Categorizing loot boxes as gambling would open up every game that offers them, including very mainstream stuff like Overwatch, Hearthstone, Destiny 2, and Assassin's Creed, to the dreaded 18-only AO sticker. The videogame community is growing angry about these developments, but official bodies like the Entertainment Software Rating Board (ESRB) don't see a problem.
The ESRB's argument may not sit well with those who believe that loot boxes are designed in the same predatory fashion as slot machines or craps tables.
China, Japan, South Korea and Singapore have all taken action to regulate skin gambling and loot box trading. We think of it as a similar principle to collectible card games: Sometimes you'll open a pack and get a brand new holographic card you've had your eye on for a while.
Dirk Bosmans, from European video game rating organisation PEGI echoes these statements to Eurogamer, saying "Loot crates are now not considered gambling: you always get something when you purchase them, even if it's not what you hoped for".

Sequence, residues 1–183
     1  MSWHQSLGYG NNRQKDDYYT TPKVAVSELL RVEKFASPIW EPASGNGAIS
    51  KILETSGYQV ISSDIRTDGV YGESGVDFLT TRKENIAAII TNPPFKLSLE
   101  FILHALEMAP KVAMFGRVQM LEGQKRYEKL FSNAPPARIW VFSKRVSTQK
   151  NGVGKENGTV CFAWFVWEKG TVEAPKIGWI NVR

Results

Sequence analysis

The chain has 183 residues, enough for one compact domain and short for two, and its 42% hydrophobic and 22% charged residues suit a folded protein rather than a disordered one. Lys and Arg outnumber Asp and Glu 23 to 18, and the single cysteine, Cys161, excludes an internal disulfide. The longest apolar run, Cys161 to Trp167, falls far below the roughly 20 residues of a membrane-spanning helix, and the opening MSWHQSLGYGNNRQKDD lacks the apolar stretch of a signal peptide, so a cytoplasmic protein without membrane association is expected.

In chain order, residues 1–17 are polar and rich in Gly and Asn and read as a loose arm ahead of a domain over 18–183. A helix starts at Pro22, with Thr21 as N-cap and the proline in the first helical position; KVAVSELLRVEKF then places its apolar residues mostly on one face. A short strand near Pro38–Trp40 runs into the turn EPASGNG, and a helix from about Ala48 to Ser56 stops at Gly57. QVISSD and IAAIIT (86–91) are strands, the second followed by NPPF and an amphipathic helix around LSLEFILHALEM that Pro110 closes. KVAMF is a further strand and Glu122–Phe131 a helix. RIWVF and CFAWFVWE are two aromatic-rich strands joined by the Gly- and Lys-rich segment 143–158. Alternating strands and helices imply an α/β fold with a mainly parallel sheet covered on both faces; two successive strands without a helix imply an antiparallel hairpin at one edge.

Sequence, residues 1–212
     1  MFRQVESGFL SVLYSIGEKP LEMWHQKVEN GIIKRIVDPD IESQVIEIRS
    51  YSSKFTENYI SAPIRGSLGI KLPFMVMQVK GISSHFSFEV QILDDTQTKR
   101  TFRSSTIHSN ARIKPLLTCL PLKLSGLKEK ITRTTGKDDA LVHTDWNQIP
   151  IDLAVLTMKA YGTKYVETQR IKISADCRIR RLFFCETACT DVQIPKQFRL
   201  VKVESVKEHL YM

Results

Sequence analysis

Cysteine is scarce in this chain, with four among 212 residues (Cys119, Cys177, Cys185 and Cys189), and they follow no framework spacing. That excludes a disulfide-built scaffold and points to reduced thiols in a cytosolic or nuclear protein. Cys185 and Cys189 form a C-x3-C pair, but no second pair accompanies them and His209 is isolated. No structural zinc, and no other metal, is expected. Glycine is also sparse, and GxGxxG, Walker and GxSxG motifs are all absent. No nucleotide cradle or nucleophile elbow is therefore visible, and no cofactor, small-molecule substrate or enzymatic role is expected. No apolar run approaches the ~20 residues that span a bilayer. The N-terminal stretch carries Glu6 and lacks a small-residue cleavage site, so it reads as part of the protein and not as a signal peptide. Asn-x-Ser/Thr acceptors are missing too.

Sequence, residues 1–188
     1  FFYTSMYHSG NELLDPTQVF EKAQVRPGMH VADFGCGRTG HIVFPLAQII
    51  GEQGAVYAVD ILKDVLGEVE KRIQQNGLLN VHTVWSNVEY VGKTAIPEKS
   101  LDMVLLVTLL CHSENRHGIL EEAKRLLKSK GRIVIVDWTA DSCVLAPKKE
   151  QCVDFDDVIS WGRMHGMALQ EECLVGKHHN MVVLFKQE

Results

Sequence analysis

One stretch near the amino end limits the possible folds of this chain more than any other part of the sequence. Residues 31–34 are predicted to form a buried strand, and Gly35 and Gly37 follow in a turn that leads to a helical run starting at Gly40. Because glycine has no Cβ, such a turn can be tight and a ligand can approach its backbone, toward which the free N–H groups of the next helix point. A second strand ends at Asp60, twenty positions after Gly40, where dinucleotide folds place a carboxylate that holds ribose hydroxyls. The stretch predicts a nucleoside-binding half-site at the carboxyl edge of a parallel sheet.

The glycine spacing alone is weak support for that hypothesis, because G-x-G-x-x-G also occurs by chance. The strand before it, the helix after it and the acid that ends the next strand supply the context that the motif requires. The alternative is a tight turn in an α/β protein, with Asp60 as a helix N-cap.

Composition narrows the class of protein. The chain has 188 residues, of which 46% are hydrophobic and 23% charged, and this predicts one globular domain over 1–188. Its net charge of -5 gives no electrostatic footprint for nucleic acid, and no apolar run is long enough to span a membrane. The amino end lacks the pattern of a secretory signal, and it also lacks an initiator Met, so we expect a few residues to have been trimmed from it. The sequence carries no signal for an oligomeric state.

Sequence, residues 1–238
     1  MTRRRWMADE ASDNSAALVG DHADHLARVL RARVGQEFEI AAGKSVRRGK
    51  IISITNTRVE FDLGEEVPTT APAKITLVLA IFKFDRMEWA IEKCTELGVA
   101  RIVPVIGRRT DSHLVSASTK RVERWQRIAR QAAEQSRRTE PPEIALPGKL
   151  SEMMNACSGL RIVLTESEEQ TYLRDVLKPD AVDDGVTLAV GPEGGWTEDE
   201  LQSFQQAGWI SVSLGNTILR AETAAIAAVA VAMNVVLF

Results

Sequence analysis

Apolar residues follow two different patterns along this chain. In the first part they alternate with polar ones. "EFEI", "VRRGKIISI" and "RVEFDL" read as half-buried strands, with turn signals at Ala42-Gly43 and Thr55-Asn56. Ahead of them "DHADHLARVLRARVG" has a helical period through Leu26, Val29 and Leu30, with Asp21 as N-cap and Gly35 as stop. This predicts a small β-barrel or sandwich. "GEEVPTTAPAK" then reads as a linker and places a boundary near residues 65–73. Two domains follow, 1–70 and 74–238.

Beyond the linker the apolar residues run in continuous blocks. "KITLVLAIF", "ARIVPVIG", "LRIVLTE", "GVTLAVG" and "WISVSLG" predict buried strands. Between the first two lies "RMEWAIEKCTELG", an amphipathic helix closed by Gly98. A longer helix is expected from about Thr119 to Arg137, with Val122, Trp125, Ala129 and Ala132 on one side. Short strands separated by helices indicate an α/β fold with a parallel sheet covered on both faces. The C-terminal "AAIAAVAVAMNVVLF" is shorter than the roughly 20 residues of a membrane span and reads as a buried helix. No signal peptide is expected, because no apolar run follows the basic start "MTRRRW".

Randomness is an inherent aspect of any videogame loot box: Maybe there's something good inside, or maybe you get stuck with something you've already got 16 copies of. "But other times you'll end up with a pack of cards you already have".
The outcome of opening a loot box is certainly uncertain, but ESRB doesn't consider it to be "real gambling". Many gamers have gone so far as to label it 'gambling.' But the only real organization that can do anything about it, the ESRB, has drawn a line on the issue.
What Do Analysts Say About The Charles Schwab Corporation (SCHW)
The sales growth rate for a stock is a measure of how the stock's sales per share (SPS) has grown over a specific period of time. After $0.39 actual EPS reported by Charles Schwab Corp for the previous quarter, Wall Street now forecasts 5.13% EPS growth.
Loot boxes have come under fire for their alleged gambling qualities.
Games that receive a Real Gambling bullet point have to meet this criteria: "Player can gamble, including betting or wagering real cash or currency". If you don't like 'em, don't buy 'em-and if you keep on buying them, don't be surprised and indignant when publishers keep working them into their games.
The UK is now considering regulation of skin gambling and loot boxes, with a review by the UK Gambling Commission ongoing as of August 2017.
Regardless, loot box systems like this - systems that give random outcomes in exchange for money - still trigger those same feelings that make more traditional gambling appealing.
Skin gambling is not prohibited as a betting activity and loot boxes can be traded within video games.